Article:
A study in Sweden looking at a sample of the population, has concluded that exercise reduces the chance of fracture due to osteoporosis in men.
2205 men, aged 49 to 51, were followed over a 35 year period. Physical activity and other lifestyle habits were recorded at baseline, and at intervals thereafter. Over the 35 years, 428 of the men had at least one fracture, but there were significant differences according to activity levels:
20% of the sedentary men had fractures,
13% of medium activity men (some walking and cycling) had fractures, and
8% of high activity men (sport for at least 3 hours a week) had fractures.
The researchers calculate that one third of fractures could be prevented if men took part in sports more regularly.
(Leisure Physical Activity and the Risk of Fracture in Men. PLoS Medicine, 19 June 2007.)
A study has found that people who drank tea four times per day for six weeks, had lower blood cortisol levels (a stress marker) and were able to recover more quickly after a stressful event, compared to those who drank a placebo beverage.
(The effects of tea on psychophysiological stress responsivity and post-stress recovery: a randomised double-blind trial. Psychopharmacology (Berl), January 2007.)
Researchers at the University of Nottingham have concluded that eating apples and tomatoes may help prevent respiratory disease.
A total of 2633 adults had their lung function measured in 1991 and again in 2000. Eating more than five apples each week, was associated with increased lung function, as was having tomatoes more than three times per week. Wheezing was also less common among people who consumed apples, tomatoes and bananas.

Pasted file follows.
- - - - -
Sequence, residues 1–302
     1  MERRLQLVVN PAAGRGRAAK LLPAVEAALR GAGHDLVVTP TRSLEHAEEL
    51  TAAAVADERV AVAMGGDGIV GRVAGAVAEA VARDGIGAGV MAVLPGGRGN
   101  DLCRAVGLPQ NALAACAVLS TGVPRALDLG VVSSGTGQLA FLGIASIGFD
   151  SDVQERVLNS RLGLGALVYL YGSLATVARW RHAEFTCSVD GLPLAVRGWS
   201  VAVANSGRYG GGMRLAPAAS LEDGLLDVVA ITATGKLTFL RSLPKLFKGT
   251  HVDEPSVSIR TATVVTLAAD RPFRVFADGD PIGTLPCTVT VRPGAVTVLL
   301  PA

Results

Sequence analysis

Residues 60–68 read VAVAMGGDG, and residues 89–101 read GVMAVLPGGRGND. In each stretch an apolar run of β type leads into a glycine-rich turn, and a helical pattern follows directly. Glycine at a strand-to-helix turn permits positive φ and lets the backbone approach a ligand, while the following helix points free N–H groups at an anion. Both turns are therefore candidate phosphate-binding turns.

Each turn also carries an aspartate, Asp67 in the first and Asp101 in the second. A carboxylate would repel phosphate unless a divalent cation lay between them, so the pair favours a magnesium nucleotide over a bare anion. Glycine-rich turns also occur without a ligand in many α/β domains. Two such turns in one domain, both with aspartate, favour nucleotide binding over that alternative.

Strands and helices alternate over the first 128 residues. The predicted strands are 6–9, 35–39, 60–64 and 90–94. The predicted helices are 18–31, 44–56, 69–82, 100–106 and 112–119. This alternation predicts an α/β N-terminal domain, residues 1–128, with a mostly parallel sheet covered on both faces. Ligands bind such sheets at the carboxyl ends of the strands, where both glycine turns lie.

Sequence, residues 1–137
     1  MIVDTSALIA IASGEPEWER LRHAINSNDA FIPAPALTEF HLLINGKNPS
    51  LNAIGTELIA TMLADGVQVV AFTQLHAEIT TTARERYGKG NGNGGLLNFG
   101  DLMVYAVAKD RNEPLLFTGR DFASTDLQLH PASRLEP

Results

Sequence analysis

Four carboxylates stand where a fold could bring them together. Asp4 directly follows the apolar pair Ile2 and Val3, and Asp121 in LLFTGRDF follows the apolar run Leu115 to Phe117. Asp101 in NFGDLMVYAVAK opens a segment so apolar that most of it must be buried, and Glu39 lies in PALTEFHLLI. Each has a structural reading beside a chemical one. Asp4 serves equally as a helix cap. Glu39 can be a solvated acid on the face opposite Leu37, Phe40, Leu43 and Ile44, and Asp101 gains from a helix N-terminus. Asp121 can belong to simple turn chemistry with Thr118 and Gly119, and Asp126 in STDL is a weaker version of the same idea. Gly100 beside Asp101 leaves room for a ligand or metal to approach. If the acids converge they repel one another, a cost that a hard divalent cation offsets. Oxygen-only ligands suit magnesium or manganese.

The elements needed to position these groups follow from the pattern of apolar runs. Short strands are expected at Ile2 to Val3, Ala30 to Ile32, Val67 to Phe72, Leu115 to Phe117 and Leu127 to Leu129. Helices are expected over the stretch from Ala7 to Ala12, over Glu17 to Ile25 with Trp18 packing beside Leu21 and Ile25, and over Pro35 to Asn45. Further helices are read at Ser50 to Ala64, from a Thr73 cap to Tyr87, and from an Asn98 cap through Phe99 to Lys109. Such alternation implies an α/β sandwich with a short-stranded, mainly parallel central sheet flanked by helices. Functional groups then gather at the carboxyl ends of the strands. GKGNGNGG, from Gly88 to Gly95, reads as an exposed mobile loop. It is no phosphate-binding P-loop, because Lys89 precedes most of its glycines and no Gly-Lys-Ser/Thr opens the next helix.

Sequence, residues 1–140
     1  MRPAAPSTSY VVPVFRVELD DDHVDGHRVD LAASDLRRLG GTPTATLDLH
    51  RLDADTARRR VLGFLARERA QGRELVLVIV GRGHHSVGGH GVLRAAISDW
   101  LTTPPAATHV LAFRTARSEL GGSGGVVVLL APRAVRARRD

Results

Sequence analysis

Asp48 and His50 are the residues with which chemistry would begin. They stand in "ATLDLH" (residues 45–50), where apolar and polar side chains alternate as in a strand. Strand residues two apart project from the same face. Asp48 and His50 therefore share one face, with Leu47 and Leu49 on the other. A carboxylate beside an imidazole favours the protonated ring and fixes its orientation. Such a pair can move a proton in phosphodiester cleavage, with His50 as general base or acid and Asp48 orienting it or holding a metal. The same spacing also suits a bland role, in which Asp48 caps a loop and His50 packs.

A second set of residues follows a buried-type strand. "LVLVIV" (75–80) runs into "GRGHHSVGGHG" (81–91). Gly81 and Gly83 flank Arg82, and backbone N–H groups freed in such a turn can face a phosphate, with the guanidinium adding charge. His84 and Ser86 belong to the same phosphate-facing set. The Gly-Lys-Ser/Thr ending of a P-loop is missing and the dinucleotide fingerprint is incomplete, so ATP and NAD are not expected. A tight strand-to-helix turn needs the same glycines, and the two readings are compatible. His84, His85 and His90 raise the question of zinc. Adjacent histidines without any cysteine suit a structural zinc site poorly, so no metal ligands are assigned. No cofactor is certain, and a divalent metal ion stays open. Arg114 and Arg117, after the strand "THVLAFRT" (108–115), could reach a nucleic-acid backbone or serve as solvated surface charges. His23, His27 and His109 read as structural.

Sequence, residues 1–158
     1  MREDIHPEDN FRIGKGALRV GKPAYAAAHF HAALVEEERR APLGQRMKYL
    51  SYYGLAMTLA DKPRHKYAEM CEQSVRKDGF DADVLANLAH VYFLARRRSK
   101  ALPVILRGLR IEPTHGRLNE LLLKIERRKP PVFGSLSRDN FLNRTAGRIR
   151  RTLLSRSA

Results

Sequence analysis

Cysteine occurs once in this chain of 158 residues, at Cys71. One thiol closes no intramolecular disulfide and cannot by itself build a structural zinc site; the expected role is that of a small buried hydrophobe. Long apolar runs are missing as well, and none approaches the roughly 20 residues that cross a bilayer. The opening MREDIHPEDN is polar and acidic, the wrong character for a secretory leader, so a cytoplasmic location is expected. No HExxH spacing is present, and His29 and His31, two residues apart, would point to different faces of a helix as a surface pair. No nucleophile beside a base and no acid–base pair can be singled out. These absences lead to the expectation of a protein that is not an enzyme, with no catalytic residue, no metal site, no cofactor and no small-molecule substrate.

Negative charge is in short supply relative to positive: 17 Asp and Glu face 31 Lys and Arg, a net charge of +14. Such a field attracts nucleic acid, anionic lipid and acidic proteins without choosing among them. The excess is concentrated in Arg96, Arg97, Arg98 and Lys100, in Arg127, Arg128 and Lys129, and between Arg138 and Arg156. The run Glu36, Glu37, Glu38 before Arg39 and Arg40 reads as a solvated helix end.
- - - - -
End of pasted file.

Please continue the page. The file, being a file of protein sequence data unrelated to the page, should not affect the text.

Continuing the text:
(97th Annual Meeting of the American Thoracic Society. Reported by BBC News online 22 May 2001.)
Taking a siesta in the middle of the day seems to reduce the risk of death from heart disease, particularly in healthy young men. This conclusion on the benefits of a siesta is suggested by a survey of a general population sample of 23 681 people, who at enrolment had no history of heart disease, stroke or cancer. As well as recording napping habits, researchers asked about diet and exercise so as to allow for these additional variables.
It was found that those who occasionally napped, had a 12% lower rate of coronary mortality, whilst those who regularly napped for 30 minutes at least three times per week, had a 37% lower rate. The association was especially strong among men working at the start of the six year study: they showed a 64% reduced risk.
(Siesta in Healthy Adults & Coronary Mortality in the General Population. Archives of Internal Medicine, February 2007.)
People whose parents lived to a greater age, have been found by the time they themselves reach middle-age, to have fewer risk factors for cardiovascular disease.
In a survey of nearly 1700 people, mean age 40, 11% had at least two parents who survived to 85 or older; 47% had one parent who lived to that age; 42% had two parents who died before 85. People whose parents both survived to 85 or beyond, showed a greater tendency for normal blood pressure, lower levels of LDL (the “bad”) cholesterol, and fewer other risk factors for cardiovascular disease. Similar tendencies were exhibited after a further 12 years of follow-up.
(Characteristics of Framingham Offspring Participants with Long-Lived Parents. Archives of Internal Medicine, March 2007.)